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Law.com Home > Chorus of Bankruptcy Lawyers, Investors Protest Rothstein Agreements
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Chorus of Bankruptcy Lawyers, Investors Protest Rothstein Agreements
Settlements call for 'bar orders' Julie Kay
Daily Business Review August 16, 2010 Print Share Email Reprints & Permissions Post a Comment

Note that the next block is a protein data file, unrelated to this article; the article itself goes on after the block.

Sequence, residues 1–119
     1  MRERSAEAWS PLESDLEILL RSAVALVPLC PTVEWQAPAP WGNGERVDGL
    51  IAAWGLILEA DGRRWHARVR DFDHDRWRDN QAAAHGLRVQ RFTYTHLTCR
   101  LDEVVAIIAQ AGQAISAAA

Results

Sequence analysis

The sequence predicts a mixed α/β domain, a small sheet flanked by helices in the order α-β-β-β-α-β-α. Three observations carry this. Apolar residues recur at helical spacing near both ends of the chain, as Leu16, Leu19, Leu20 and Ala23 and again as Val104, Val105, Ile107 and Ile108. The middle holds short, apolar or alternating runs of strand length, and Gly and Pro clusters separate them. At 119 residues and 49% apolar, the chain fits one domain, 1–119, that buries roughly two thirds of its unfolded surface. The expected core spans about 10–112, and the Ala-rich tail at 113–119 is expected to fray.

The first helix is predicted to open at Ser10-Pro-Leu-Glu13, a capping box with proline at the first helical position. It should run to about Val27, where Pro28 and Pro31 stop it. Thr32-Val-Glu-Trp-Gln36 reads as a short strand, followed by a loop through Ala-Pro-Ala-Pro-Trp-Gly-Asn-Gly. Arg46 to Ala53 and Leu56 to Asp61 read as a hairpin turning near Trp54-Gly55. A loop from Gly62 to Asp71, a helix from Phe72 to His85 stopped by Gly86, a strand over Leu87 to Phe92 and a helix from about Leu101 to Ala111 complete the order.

A packed courtroom of bankruptcy attorneys and a few investors turned out for the first settlement hearings in the Rothstein Rosenfeldt Adler bankruptcy case, and many were there to protest the agreements. A latecomer to the case, Miami solo practitioner Paul McMahon, threw a monkey wrench into the settlements with George Levin and his Banyon investment funds. Banyon and Levin were the top source of money for Scott Rothstein's $1.2 billion Ponzi scheme, kicking in about $830 million. Thursday, McMahon filed involuntary bankruptcies against Levin and Banyon in a move he said was likely to kill the settlement proposed by RRA bankruptcy trustee Herbert Stettin. McMahon represents more than 30 Banyon investors who claim they lost about $15 million. The settlements considered by U.S. Bankruptcy Judge Raymond Ray with Levin and investment adviser Michael Szafranski called for controversial "bar orders" to prohibit any pending or future Rothstein-related litigation against the settling parties. Ray withheld action on the settlements based on McMahon's filings. Under Szafranski's settlement, he would turn over 90 percent of his assets, or about $6 million. Under Levin's settlement, he would turn over 85 percent of his assets, estimated at $100 million to $200 million, after the first $5 million, which goes directly to the trustee. Levin also would get to keep his Fort Lauderdale house, $750,000 in personal property and $60,000 a month in living expenses. A host of lawyers lined up Friday to protest the Szafranski agreements and question Stettin on the stand. They included McMahon, who said he was hired Wednesday; Steven Schneiderman, an attorney for the U.S. trustee's office; Tew Cardenas attorney Jeffrey Tew of Miami, representing Gibraltar Private Bank & Trust; Glenn Goldstein for TD Bank; and Bruce Katzen for Carolina Casualty, RRA's insurance carrier. The bank attorneys argued bar orders would prevent them from suing Szafranski and that it's far too early for such a global settlement with related litigation pending in federal and state courts. Schneiderman argued that Szafranski as a potential criminal target does not deserve such a settlement agreement. Szafranski ostensibly served as the independent verifier of settlements being financed by Rothstein's investors. The former law form chairman and his top assistant are the only ones to face criminal charges so far in the fraud. "Have you ever heard of a bar order being granted to someone who pled the Fifth during depositions?" Schneiderman asked. Stettin responded: "Mr. Szafranski's conduct was morally reprehensible. He was a participant whose conduct led to losses by many people. He acted grossly irresponsibly. He may be indicted. My difficulty is I have a fiduciary duty to collect money for the estate. If we litigate . I'm worried assets would have been used up." McMahon said the proposed settlements would dissolve a pending lawsuit in Connecticut state court filed by Banyon investors several months ago. Ray took the Szafranski issue under advisement. Despite numerous objections, the judge approved a settlement with former RRA attorney Steven Lippman and his wife, Marcy. They agreed to pay the bankruptcy estate $700,000, or 82 percent of their net worth, in exchange for a bar order preventing all but malpractice suits. Stettin's attorney, Chuck Lichtman of Berger Singerman in Fort Lauderdale, revealed that Lippman showed up the day of his scheduled deposition with a $500,000 cancellation payment, which Lichtman accepted. The money will be credited toward the settlement. TD Bank attorney Mark Bloom of Greenberg Traurig argued the payment raised red flags and the settlement should have been approved without a bar order. "He's still earning a living practicing law," Bloom said. "This is a perfect case to call Mr. Lippman's bluff. He's not going to walk away from the settlement." Lippman's attorney, Harry Schafer of Kenny Nachwalter in Miami, said the Lippmans would settle only with a bar order in place. "I spent two months negotiating this," he said. "The Lippmans want to buy peace."
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